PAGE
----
Teams from non-traditional cricket countries hogged a healthy share of the World Cup's limelight during the group stage. This is noteworthy because it is essentially the first time the state of cricket beyond the Test world has been widely examined and debated.
Previously, critics bemoaned the participation of Associates, unfairly often derided as 'minnows', because too many uncompetitive matches ensued. The rigid belief persisted that cricket, the quaint British sport, would never be able to infiltrate unfamiliar terrain. So, why continue with the delusion that the sport can make inroads past its traditional boundaries?
Even the ICC was uncertain cricket could realistically extend beyond the Full Member nations after it made the contentious decision to limit the 2019 World Cup to ten participants. "Every match should be very competitive and having ten teams at the 2019 World Cup will make sure that will be the case," ICC CEO Dave Richardson said.
The resounding success of the Associates at the World Cup have made Richardson, and others with similar sentiments, look foolish. Worse, the ICC is seemingly reinforcing cricket's perception as a relic of British imperialism. It is not hard to see why cricket is ridiculed in certain parts of the world.
The Associates have energised a generally underwhelming and lengthy opening month of the World Cup. Ireland's hardnosed brand of cricket, complete with exuberant fielding, won many admirers and it is increasingly becoming evident that they would be competitive in Tests if given a chance.
Afghanistan has become a cult favourite, especially their effervescent pace attack, and produced one of the most enduring memories of the event when they defeated Scotland. There is anticipation within Afghanistan cricket of an exciting crop of teenagers set to emerge. Surely, they deserve a road to Test cricket?
Scotland and UAE were overshadowed by their counterparts but a bevy of talent was evident in both teams and their development should be properly nurtured.
Fears persist that the goodwill generated towards the Associates will evaporate once the World Cup is merely a memory. UAE coach Aaqib Javed hopes regular development for Associates will be deemed a priority.
"I think it is up to Associate teams to prove a point, and I think that is what has happened at the World Cup," Javed told Firstpost during a phone interview. "The teams have provided excitement and have proven they can compete. What is needed now is more exposure against the full members. I think the ICC should pair an Associate team with one full member, which would allow them to play in a full member's domestic competition and against their A-team."
Javed, who played 22 Tests and 163 ODIs for Pakistan, believes the UAE could greatly benefit with partnering with his country of origin. "I think UAE and Pakistan would be a good relationship, as they want teams to tour Pakistan again and we would consider that because we really want to continue developing," he says. "We rely on ICC for funding, as we don’t get support from the government. But if we start playing against big teams and do well, then government and sponsors will want to invest."
While UAE has coveted ODI status, their players have regular day jobs. Javed dreams of his players becoming full-time professionals. "Cricket is not the top priority for these players because they have to work five-six days a week," he says. "Some get up at 5am to work and can only train in the evenings. They don’t get home until midnight. It is hard on them and makes it difficult to prepare the team. We have a lot of talent here but it would be good if it can be harnessed properly."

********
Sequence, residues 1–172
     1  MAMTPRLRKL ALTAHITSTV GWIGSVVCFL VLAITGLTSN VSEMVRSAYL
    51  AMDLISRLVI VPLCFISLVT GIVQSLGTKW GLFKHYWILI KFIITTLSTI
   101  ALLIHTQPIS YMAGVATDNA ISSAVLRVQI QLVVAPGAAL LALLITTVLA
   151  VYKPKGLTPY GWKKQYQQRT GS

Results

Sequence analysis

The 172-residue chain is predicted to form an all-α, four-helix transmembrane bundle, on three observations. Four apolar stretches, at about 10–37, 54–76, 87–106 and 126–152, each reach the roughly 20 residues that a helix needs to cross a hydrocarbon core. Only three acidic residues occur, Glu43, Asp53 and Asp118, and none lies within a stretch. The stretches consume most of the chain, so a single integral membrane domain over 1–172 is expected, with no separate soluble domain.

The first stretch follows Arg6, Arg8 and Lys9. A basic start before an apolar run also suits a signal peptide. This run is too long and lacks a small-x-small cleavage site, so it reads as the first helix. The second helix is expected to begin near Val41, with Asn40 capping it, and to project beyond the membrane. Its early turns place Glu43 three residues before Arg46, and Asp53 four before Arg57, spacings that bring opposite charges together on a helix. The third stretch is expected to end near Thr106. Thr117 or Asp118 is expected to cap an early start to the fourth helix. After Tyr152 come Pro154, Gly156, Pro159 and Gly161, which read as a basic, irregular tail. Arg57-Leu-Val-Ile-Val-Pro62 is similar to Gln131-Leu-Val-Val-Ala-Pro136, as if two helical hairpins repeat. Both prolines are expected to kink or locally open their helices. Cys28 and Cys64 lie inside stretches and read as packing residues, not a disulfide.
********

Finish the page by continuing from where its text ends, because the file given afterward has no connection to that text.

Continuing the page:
It's not only Associates that needs investment. In recent years, I have reported on the fledgling cricket development taking place in many surprising destinations, including in the Baltics and Balkans in Eastern Europe. Yes, cricket is still largely invisible to the mainstream populace in these areas and is mainly played by immigrants. But there is a growing number of local players developing an affinity with cricket, largely due to the rise T20 cricket.
There are numerous untapped countries around the world, with China potentially being the most prominent and intriguing cricket backwater. Former Perth local cricketer Charlie Burke works closely with developing cricket in China during his role as Hong Kong national cricket coach. He believes for cricket to truly ascend into a worldwide sport, China needs to be lured.
"I have put pressure on the ICC to develop China more because there is massive growth there," Burke tells Firstpost. "For cricket to get that global audience and reach, it needs China. Everyone should want China in the World Cup T20."
Hong Kong has ODI status and were on standby for the World Cup if the West Indies’ contractual dispute imploded. Burke hopes his team will have an opportunity to play against full member teams.
"We are only going to get better if we play against the best," he says. "Cricket needs more than 10 countries competing. We can't just keep it in our own backyards. Cricket has a slick and exciting product in T20 that is catching on and we need to make the most of that. Cricket also needs to be in the Olympics, as that would provide it with more prestige and catch China's interest, amongst others no doubt."
The four teams collectively added some much-needed pizzazz to cricket, which at its elite level feels at times overly repetitive. For instance, Australia has played England and India on an endless loop in recent years. It can be dreadfully dull watching the same teams playing each other.
Imagine cricket one day being in the limelight of the Olympics, with countries such as China propelling it into a true global game. That might not be as farfetched as it sounds.
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Updated Date: Mar 16, 2015 16:22:54 IST